Great achievements are often the product of a handful of pioneers who refuse to give up their beliefs and values. These people are often called trendsetters or innovators. Oftentimes, these leaders pave the way for many to benefit in the years to come. This was the case in regards to women and exercise in the beginning of the 20th century, and this is currently the case with pregnant women and exercise.
The Second Industrial Revolution, also known as the Technological Revolution, occurred in the latter half the 19th century. Even though there were significant achievements in production and transportation and the standard of living improved, a depression immediately followed. Many businesses failed because of an increase in accessibility of products and drastically lowered prices.
Blues and jazz music started the 20th century. There were two world wars, a civil rights movement and significant technological advances. This was the age of medicine. Antibiotics and vaccines were being administered like hot cakes. Antidepressants, contraceptives and chemotherapy were all introduced. The Internet was invented in the 1960s and popularized in the 1980s and 1990s, along with rap, reggae and house music.
A lot has changed socially, economically and scientifically in the past two centuries. Ideologies have shifted and cultures have transformed. To stand your ground during times when women could not even vote required an enormous amount of courage and faith.
Throughout the ups and the downs there were definitely some standout women. At the turn of the 19th century, Katie Sandwina was a star of the Barnum and Bailey circus. Her dad started her in gymnastics and weightlifting at a very young age. During the show, Katie would lift her 165-pound husband over her head. She never missed a performance, even when she was pregnant. She was known in Europe as the Queen of Strength and Beauty.
Australian Annette Kellerman’s parents used swimming and strength training to treat a disability in her legs at a young age. She became a professional swimmer and was credited with inventing the sport of synchronized swimming. She was also the first woman to wear a one-piece bathing suit. Nowadays there is very little left when it comes to swimsuits. Helen Wills was the first American-born athlete to reach international status as a tennis player. She was a celebrity before the Internet and all the gossip magazines. Helen won eight Wimbledons and seven U.S. Championships. By the mid 1920s, in a few big cities there were women’s athletic clubs. Men and women had become intrigued about women weight training, especially if it made them better athletes and allowed them to participate in the Olympic games.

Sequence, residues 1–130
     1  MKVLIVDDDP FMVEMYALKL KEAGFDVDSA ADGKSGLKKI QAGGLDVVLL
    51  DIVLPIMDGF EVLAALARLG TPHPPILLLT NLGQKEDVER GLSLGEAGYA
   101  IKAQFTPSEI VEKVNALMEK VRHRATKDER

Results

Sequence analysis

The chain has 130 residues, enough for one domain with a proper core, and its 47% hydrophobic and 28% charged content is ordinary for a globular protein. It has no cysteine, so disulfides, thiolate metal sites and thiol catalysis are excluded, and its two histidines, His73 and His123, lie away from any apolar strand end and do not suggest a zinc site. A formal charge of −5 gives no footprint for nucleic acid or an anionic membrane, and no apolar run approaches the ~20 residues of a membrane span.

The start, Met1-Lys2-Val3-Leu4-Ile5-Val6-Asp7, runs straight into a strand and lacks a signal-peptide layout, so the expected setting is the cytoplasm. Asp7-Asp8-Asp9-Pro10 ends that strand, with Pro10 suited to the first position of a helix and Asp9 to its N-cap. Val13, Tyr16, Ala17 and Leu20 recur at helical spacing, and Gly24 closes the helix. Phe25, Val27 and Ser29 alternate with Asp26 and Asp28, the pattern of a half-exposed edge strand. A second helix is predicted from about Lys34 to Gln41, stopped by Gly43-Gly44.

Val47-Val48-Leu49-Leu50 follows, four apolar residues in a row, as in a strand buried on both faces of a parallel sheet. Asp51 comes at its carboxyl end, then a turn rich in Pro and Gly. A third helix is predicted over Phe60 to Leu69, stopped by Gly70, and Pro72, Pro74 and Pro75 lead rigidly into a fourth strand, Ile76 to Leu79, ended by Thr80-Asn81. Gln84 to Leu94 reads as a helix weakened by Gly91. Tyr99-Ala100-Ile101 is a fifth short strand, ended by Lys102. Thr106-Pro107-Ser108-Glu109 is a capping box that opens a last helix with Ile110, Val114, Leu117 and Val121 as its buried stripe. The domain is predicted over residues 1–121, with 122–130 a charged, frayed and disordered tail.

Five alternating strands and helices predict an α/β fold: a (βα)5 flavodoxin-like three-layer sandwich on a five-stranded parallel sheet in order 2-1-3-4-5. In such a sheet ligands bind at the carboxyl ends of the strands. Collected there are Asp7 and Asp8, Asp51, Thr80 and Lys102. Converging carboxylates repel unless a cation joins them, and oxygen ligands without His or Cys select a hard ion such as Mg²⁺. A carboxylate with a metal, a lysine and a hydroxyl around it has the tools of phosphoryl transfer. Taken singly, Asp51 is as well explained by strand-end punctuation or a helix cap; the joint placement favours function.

Ivy Russell of Great Britain basically set the stage for women in weightlifting. She found weightlifting at the age of 14, because it was the only thing that seemed to help with her tuberculosis. That’s weird, right? Exercise enhances your health. In the 1930s, Ivy succeeded in establishing a female division in the British Amateur Weight Lifting Association.
You see, prior to the Industrial Revolution, pregnant women went about their normal duties in life until they had the baby. Once they gave birth, they returned to their duties as soon as they had recovered. They were functioning in life just as any other person. When the person’s daily life was made less laborious with the help of machines, women didn’t have to do as much physical work. They stepped in here and there during wars, but for the most part, they were expected to act like ladies.
However, by the end of the 19th century, women were finally being respected for their abilities in weight training and interval training. Thanks to the brilliant effort of a handful of women and men, strides were being made in regards to women and fitness.
As we enter the 21st century, I feel that we are at a similar tipping point in specific regards to pregnant women and fitness. I feel a lot of rules and recommendations were made in history based on a few people’s assumptions and lack of experience with the subject matter. I feel that as women become empowered and trust in their bodies more, that we will see a lot more bellies running, lifting, swimming and just plain moving.
Research on exercise and pregnancy is starting to surface. It is now known that exercising while pregnant can decrease the length of labor and reduce the need for medical interventions. Paying attention to nutrition and exercising while pregnant can also have significant benefits for your baby.
As the founder of BirthFIT, I dream of empowering and educating women daily so that they may have an organic, functional pregnancy. I’m grateful for the female innovators who have come before my peers and me. BirthFIT, along with a few other rock stars, will lead the movement in the 21st century.